The aim of the study was to test the hypothesis that in serial determinations of concentrations of LH and FSH involving blood samples taken every minute, the observed pulses of LH and FSH which last less than 3–4 min might not be a physiological phenomenon but part of the 'noise' of the radioimmunoassay or blood-sampling technique.
Blood was sampled every minute for a period of 90 min in six men. During the first 45 min, blood was sampled by means of vacuum tubes only. During the second 45 min, sampling took place with a syringe via a rubber stopper, either using a tourniquet (n = 3) or flushing the cannula with heparinized saline.
Three criteria were used to identify variations in the patterns of LH and FSH as true hormonal changes. First, a threshold was used which had to be exceeded by the difference between nadir and maximum values before a pulse could be identified. An average of approximately six pulses per 90 min was found in both the LH and FSH series. The majority of these pulses lasted less than 3–4 min. In two subjects, larger LH pulses of longer duration were measured. Secondly, differences between duplicate measurements of nadir and/or maximum values of more than one-third of the amplitude of a pulse were considered unacceptable. This involved about 75% of the pulses. Thirdly, the reproducibility of the hormone variations was estimated. In one subject, concentrations of LH were measured four times in four separate assays. Measurement of FSH concentrations in this subject and of LH and FSH in the samples from the other five subjects were repeated once again, but only in those parts of the series of samples which had shown hormone variations beyond the threshold composed of acceptable duplicate measurements. Only the larger variations of longer duration, as found earlier in two of the LH series, were reproducible.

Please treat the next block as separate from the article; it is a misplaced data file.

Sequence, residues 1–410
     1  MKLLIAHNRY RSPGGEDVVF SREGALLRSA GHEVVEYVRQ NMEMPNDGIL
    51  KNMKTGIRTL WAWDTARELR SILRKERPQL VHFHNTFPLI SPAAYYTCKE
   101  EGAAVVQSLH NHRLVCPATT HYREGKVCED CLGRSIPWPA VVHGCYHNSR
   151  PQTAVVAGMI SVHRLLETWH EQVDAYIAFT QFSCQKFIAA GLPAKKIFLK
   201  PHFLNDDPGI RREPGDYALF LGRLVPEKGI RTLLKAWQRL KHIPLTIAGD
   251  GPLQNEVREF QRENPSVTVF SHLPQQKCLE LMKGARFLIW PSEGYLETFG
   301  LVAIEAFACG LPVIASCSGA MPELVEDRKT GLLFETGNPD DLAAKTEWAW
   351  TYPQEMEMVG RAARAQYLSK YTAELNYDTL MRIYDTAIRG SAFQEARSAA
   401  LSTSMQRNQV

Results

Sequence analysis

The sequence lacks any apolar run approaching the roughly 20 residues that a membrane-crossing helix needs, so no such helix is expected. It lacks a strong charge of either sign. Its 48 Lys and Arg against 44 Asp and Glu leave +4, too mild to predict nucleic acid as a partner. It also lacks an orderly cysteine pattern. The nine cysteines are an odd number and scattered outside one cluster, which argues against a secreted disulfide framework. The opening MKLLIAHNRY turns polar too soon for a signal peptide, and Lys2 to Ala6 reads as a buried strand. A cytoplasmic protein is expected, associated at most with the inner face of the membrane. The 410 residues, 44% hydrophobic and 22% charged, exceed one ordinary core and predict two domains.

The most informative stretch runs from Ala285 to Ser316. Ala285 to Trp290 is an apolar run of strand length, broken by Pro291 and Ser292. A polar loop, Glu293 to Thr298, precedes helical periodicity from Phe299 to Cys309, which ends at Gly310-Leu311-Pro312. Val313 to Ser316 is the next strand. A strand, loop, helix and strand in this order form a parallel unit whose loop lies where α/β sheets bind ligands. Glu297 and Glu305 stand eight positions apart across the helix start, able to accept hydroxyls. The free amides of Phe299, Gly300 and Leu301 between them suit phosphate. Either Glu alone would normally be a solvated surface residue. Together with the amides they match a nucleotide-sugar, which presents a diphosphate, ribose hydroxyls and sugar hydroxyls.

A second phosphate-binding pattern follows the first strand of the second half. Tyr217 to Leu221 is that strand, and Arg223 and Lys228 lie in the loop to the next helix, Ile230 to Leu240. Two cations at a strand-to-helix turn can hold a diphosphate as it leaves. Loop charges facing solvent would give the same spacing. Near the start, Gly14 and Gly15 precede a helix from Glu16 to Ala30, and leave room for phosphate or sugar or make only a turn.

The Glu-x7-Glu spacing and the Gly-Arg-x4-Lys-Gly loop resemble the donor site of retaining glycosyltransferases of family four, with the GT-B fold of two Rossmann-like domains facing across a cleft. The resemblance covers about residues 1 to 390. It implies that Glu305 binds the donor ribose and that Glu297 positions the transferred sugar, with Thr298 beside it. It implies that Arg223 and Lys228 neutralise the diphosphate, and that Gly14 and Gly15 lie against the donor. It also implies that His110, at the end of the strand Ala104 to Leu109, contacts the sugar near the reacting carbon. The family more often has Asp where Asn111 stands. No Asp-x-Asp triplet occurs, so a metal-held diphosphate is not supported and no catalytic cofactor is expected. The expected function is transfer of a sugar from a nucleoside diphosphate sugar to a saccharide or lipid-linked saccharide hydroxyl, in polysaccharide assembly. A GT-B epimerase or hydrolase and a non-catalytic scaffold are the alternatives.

The different blood-sampling techniques used had no significant influence on the frequency of pulses.
It was concluded that a rapid, small amplitude, pulsatile pattern of release of LH and FSH is probably not present in men or is obscured by limitations of current techniques of radioimmunoassay.
J. Endocr. (1987) 114, 153–160